The Avon Creek Apartment fire just before Christmas was a tragic reminder to me that life is precious. I felt so horrible for those people who lost so much, but thankfully, they all got out safely. Christmas decorations and gifts can be replaced, but life can not.
I was shocked to find out that the fire was caused by dryer lint. The Hendricks County Flyer reported the cause of the fire in mid January. I had always thought that only paranoid people worried about dryer lint fires. I thought it was just a scare tactic used by companies that make money cleaning out those lint traps and dryer vents.
Turns out it is as true as can be and dryer vent fires are a real hazard. The Avon Creek fire caused an estimated $750,000 in damages. When the lint builds up in the vents, and then get heated by the dryer, they can get so hot that they ignite. Because the fire is contained in the vent system, it can go unnoticed until it is too late.
Dryer fires account for an average of 10 deaths and 310 injuries and more than $84.4 million in property damage annually, according to the U.S. Consumer Product Safety Commission.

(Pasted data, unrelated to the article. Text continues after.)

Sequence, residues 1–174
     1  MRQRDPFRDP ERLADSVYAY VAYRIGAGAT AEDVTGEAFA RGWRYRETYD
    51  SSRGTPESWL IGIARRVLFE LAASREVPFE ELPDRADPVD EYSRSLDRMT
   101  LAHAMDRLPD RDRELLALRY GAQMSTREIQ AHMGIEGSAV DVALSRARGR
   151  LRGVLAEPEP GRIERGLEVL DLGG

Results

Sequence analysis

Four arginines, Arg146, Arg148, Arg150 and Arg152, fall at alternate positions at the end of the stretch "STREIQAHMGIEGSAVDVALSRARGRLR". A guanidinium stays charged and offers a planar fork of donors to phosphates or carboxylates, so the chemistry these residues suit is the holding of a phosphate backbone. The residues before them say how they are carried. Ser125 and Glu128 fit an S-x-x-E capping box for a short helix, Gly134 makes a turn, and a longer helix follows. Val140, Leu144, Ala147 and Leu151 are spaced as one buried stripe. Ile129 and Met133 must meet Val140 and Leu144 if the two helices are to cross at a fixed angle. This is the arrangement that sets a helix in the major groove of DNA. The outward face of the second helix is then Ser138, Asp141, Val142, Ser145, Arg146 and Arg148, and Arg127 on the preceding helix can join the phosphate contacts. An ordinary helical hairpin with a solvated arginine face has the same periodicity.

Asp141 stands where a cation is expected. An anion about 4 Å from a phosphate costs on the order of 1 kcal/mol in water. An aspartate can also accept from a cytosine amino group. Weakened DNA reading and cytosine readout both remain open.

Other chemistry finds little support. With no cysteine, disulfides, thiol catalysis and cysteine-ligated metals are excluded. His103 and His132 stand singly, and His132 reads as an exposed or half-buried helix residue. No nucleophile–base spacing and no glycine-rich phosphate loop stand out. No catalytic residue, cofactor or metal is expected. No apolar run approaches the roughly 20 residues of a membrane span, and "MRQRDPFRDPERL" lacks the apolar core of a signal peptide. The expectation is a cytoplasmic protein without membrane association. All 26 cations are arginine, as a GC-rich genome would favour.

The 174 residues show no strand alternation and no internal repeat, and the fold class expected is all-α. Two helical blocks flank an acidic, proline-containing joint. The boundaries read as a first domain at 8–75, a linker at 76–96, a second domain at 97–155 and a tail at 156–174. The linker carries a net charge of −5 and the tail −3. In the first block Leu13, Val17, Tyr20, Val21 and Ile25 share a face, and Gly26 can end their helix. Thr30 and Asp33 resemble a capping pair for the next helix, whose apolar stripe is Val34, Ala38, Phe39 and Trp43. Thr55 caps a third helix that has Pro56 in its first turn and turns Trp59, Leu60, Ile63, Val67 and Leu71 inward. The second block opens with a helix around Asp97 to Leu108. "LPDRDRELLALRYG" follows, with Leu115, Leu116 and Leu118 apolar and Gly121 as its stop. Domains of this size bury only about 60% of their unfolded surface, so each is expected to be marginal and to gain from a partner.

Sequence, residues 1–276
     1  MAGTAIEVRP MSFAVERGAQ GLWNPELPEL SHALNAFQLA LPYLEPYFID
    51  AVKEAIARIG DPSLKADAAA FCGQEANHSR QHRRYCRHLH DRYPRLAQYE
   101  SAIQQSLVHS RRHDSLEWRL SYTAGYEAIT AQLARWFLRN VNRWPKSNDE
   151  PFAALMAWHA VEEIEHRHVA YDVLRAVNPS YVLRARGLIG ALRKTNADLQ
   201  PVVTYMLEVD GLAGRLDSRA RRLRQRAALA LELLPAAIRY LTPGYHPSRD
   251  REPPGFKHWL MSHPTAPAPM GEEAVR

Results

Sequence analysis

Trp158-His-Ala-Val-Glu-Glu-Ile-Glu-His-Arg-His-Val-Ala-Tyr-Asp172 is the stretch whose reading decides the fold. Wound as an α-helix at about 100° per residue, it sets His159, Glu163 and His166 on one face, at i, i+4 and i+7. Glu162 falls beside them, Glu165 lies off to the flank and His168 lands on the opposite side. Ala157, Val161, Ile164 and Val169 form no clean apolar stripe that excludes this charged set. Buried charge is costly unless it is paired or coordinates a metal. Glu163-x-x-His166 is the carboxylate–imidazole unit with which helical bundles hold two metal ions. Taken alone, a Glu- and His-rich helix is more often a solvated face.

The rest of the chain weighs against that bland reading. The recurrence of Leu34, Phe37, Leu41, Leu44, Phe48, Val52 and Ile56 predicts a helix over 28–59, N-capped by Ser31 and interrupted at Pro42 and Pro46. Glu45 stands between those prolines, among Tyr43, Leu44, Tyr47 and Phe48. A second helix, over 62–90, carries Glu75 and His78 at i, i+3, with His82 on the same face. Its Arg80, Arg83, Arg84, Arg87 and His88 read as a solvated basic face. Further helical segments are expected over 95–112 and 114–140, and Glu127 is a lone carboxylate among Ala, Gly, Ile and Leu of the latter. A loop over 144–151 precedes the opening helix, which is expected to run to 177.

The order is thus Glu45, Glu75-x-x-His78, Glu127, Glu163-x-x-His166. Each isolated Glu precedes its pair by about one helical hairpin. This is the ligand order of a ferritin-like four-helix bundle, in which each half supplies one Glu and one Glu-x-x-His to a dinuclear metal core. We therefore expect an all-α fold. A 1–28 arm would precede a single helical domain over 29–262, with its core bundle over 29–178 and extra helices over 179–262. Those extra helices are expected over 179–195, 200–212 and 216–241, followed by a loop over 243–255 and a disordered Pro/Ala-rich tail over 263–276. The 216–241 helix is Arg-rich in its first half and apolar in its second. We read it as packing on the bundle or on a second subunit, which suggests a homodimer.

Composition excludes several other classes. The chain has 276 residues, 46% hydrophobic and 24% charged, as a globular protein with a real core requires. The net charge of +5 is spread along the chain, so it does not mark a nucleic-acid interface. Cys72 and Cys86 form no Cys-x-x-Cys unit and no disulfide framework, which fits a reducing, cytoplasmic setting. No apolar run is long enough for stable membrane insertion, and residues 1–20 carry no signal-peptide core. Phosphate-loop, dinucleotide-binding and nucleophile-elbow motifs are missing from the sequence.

Dryer Safety Tips, from the Hendricks County Flyer:
- Clean the lint trap before and after drying each load of clothes.
- Make sure the lint trap is free from rips and tears. Partselect.com has replacements if you need one.
- Do not leave the dryer running for an extended period of time when you are not home.
- The interior of the dryer and venting system should be cleaned periodically by qualified service personnel.
- Do not dry clothing/fabric on which there is anything flammable (alcohol, cooking oils, gasoline, spot removers, dry-cleaning solvents, etc.).
- Replace plastic or vinyl exhaust hoses with rigid or flexible metal venting.
- Don’t forget to read the manufacturers’ warnings in use and care manuals that accompany new dryers.